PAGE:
McKeon to Congress: You’re Failing the U.S. Military

In farewell speech, McKeon urges Congress to end cuts to defense budget

U.S. Marines and their Philippine counterpart secure the perimeter during the 20th Cooperation Afloat Readiness And Training (CARAT), a joint naval exercise
U.S. Marines and their Philippine counterpart secure the perimeter during the 20th Cooperation Afloat Readiness And Training (CARAT), a joint naval exercise / AP
December 4, 2014

Outgoing House Armed Services Committee Chairman Howard 'Buck" McKeon (R., Calif.) issued a warning to Congress on Thursday, criticizing lawmakers from both sides of the aisle for implementing deep and wide-ranging budget cuts to the U.S. defense budget that have gutted the military and left many soldiers without a job.

The defense cuts, known as sequestration, have drastically impacted the U.S. military and troops fighting abroad, McKeon said in a final speech on the House floor as he prepares to end his 21-year career in Congress.

As U.S. troops lay their life on the line to protect America, Congress has repaid them by enacting budget cuts that have degraded their capabilities and left many soldiers without a job, McKeon said.

"Right now, they are walking patrol in the mountains of Afghanistan," McKeon said. 'They are at sea within missile range of Iran. They are flying wingtip-to-wingtip against Russia bombers over the North Sea. They are nose to nose with the North Koreans. They are sweating in the equatorial heat of Africa, fighting a horrible disease. They are standing on the sand of Iraq, risking everything against a brutal enemy."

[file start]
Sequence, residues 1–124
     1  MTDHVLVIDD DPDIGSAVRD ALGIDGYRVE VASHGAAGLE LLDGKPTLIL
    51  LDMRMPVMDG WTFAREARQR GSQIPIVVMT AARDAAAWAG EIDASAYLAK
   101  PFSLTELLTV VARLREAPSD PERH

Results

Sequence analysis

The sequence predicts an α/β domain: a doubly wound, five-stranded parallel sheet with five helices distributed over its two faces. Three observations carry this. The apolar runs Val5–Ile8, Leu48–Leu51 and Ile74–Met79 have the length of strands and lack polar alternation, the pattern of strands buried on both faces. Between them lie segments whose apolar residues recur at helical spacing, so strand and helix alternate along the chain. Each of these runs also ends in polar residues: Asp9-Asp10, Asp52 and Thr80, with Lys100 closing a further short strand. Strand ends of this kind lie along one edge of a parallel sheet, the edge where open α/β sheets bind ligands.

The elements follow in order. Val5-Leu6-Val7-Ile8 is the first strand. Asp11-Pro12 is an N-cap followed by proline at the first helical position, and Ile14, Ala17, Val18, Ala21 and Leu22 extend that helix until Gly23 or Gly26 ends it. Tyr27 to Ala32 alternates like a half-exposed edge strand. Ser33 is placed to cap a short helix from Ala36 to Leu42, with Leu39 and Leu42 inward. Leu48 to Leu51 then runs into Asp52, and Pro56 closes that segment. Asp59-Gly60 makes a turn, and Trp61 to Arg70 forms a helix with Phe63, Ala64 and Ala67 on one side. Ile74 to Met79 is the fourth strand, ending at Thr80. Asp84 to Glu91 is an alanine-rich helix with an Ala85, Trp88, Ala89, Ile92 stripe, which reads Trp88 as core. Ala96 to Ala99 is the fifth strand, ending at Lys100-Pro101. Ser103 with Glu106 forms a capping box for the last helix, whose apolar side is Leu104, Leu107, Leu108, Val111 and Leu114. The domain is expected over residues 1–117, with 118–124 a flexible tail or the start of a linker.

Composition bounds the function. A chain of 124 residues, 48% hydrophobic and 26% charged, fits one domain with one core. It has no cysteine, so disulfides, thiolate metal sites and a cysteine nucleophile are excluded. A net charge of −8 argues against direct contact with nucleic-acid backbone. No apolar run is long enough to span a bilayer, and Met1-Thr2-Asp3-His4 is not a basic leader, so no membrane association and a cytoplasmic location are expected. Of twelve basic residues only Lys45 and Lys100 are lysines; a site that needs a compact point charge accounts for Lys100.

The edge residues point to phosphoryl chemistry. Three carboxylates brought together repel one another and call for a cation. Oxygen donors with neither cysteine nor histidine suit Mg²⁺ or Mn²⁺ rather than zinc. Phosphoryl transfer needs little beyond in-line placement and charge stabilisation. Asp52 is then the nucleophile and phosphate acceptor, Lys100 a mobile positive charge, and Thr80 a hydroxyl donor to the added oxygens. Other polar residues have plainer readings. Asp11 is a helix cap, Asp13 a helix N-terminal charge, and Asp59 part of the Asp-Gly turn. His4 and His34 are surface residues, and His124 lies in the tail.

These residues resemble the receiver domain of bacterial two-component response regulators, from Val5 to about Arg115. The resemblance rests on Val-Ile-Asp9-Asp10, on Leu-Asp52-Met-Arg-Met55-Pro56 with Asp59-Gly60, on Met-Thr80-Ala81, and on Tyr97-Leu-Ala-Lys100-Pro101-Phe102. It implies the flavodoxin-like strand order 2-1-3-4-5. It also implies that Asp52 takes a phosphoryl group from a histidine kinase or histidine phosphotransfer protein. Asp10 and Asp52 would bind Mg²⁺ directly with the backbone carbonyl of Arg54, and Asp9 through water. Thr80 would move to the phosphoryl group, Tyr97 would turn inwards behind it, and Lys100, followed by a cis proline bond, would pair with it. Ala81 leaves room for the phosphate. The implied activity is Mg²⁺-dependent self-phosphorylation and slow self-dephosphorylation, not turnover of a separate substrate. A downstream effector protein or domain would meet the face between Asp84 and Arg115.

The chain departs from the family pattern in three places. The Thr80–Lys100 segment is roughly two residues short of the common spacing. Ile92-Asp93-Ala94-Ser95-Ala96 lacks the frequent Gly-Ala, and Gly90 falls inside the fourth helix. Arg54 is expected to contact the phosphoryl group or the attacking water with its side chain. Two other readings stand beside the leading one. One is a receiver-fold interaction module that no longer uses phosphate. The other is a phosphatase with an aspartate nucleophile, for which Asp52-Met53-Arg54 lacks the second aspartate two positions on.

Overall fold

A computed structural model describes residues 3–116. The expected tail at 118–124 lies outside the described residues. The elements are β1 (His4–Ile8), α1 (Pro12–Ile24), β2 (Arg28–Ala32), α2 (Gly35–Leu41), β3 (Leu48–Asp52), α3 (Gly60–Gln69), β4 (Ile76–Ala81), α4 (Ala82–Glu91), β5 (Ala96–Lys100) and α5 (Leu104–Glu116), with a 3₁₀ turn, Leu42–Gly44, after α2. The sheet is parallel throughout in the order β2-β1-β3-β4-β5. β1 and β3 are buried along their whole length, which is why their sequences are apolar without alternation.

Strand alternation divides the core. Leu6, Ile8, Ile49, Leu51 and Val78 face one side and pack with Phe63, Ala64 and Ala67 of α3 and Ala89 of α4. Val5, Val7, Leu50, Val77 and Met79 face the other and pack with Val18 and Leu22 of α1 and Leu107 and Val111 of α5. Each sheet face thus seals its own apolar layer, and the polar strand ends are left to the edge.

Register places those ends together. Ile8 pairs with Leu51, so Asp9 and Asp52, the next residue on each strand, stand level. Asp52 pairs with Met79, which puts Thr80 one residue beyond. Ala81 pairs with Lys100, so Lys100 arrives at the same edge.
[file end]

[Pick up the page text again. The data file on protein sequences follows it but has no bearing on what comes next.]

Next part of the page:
'They take those risks, they make those sacrifices, because of you," he said on the House floor. 'They do it for you. They do it for us. For their families, for their flag. For our freedom."

"And how we have repaid them? With equipment that is falling apart. By laying them off while they’re off in war zones," McKeon said. 'By docking their pay and their medical benefits. By throwing them out of the service and onto a broken economy."

Congress and the White House must put aside their ideological differences in order to finally pass a budget that will end the drastic cuts put in place as a result of the sequester, McKeon said.

"Shame on us, if we’re unwilling to pay back the debt we owe them. Shame on all of us, from the White House down, if we cannot make far less a sacrifice on their behalf," McKeon said to his congressional colleagues.

"My road in Congress is coming to an end. It will be on the next Congress and the president to make these injustices right," he said. 'So please, show our troops the respect they deserve. Give them the tools they need. Help keep them safe. Honor their service, with your service."

A compromise on the defense budget must be enacted next year, McKeon said, acknowledging that it will be a tough process politically and practically.

"There isn’t some magical solution that Republicans can support and the president can sign without sacrifice on both sides," he said. "When that solution comes, it will be a tough vote on both sides."

'For some of my colleagues, it might be a fatal vote. I pray that you will hold this thought in your hearts when that vote comes: Remember the great sacrifice our troops are making around the world."

Published under: Buck McKeon , Military